“Bliss” was a finalist for the 2021 Minnesota Book Awards, received a 2020 IPPY (Independent Publisher Book Awards) bronze medal in the category of Great Lakes Fiction, and was a finalist for the 2020 Eric Hoffer Award.

The author-writer I was when I started ‘Blood Up North’ is quite a bit different than who I am right now.
Fredrick Soukup, author

Another independent press - Vine Leaves Press - picked up “Blood Up North,” which will debut Feb. 15. Set in the rural northwoods of Backus, the novel centers on young Cass, who agrees to help her brother hide cash he stole from a drug dealer. To protect herself, she must fend off their corrupt cop uncle, lawless cousins and vicious father.

“The work will appeal to fiction readers who enjoy gritty, fast-paced thrillers,” a news release says.

Explaining why he based the novel in Backus, Soukup said his grandfather lived there and he spent a lot of time there growing up.

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“The house where lots of the action takes place in ‘Blood Up North’ is the house, in my mind, where he lived,” Soukup said, noting he liked the backwoods setting.

“Characters in the novel are sort of devious and wicked and coarse, and that’s not my experience with people from Cass County. It served the art and that’s why I did it,” he added.

Drafts take roughly a year to write, with three to four months to formulate a plot and gather material he needs to write, and another six to eight months to execute it. Soukup started writing “Blood Up North” in 2017 and was still editing as late as last fall.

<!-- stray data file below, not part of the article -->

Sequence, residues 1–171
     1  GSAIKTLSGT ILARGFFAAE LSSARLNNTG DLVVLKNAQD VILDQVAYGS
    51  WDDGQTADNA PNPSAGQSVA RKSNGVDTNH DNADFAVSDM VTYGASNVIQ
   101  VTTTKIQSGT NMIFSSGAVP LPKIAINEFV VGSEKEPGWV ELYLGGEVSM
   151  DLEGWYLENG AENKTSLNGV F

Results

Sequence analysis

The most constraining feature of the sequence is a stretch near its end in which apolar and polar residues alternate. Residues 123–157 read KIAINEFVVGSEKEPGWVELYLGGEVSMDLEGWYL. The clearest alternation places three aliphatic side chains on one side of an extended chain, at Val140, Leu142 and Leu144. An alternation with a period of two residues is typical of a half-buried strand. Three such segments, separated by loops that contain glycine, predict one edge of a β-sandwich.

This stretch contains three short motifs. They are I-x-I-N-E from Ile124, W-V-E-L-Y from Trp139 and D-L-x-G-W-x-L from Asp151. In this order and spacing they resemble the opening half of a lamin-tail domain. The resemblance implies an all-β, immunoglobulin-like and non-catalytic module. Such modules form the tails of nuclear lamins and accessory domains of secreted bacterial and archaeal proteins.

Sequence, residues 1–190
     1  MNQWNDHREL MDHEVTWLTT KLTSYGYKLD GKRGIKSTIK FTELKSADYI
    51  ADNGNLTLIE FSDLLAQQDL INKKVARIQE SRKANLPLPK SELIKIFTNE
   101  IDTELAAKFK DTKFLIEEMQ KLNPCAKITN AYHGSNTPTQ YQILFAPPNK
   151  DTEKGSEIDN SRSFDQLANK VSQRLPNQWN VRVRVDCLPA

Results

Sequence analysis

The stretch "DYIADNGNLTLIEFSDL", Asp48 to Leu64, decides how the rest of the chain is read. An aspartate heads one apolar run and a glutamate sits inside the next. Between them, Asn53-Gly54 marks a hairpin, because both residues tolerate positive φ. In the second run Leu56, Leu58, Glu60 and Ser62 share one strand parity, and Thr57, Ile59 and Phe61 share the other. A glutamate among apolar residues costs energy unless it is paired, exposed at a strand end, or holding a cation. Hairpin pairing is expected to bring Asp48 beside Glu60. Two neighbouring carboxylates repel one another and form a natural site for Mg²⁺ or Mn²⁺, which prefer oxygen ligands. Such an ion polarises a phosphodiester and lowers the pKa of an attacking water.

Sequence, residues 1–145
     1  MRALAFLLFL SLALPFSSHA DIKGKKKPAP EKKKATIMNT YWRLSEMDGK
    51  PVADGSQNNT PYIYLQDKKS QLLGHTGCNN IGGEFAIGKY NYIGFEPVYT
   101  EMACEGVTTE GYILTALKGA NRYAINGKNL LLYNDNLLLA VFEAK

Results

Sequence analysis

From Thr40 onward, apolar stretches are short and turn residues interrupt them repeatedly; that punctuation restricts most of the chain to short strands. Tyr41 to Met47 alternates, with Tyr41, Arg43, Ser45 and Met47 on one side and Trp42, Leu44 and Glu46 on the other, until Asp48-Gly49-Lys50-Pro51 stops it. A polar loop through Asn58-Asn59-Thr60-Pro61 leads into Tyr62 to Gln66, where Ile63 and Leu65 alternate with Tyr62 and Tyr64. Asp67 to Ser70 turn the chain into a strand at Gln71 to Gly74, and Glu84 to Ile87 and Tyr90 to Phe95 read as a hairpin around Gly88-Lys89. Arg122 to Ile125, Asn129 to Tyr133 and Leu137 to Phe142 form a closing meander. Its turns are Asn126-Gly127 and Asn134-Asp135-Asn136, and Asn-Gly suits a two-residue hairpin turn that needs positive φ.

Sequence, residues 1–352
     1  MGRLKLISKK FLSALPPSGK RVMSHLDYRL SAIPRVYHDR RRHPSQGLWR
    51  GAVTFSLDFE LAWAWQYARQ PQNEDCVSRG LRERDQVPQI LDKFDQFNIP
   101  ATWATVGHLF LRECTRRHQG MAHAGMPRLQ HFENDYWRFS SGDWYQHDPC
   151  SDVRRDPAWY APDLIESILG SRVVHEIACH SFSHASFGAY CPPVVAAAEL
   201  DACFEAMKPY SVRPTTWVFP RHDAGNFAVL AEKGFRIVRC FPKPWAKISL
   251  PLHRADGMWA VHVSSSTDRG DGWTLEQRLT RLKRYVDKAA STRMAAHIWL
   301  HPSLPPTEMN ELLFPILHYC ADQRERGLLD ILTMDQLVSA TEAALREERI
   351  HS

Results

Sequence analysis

“The author-writer I was when I started ‘Blood Up North’ is quite a bit different than who I am right now,” he said, noting he felt the same with “Bliss.”

He’s currently working on three other manuscripts. One is done and he’s sending it to independent presses. “Ashes to Ashes” is about two foster brothers who reunite following the passing of their foster mother. The novel is set in Pequot Lakes, but Soukup changed the town’s name in his book to Sibley.

The idea comes from his family taking care of foster children when he was young, which he said was formative for him.

He has a couple of other works he’s in the process of editing and sharpening. His goals include continuing to write and progress as an artist while raising his family in St. Paul.

Regarding his success thus far, Soukup said:

“I don’t really think about anything in terms of success and failure, or I try not to. I always feel like I'm coming up short and I haven’t reached where I want to go. … I just feel like I still have so much more to do, so much work to do.”

Nancy Vogt, editor, may be reached at 218-855-5877 or nancy.vogt@pineandlakes.com. Follow her on Facebook and on Twitter at www.twitter.com/@PEJ_Nancy.

Related Topics: PEOPLELAKE COUNTRY FACESPEQUOT LAKESBOOKS
Nancy Vogt is editor of the Pineandlakes Echo Journal, a weekly newspaper that covers eight communities in the Pequot Lakes-Pine River areas - from Nisswa to Hackensack and Pequot Lakes to Crosslake.

She started as editor of the Lake Country Echo in July 2006, and continued in that role when the Lake Country Echo and the Pine River Journal combined in September 2013 to become the Pineandlakes Echo Journal. She worked for the Brainerd Dispatch from 1992-2006 in various roles.

She covers Nisswa, Pequot Lakes, Lake Shore and Crosslake city councils, as well as writes feature stories, news stories and personal columns (Vogt's Notes). She also takes photos at community events.

Contact her at nancy.vogt@pineandlakes.com or 218-855-5877 with story ideas or questions. Be sure to leave a voicemail message!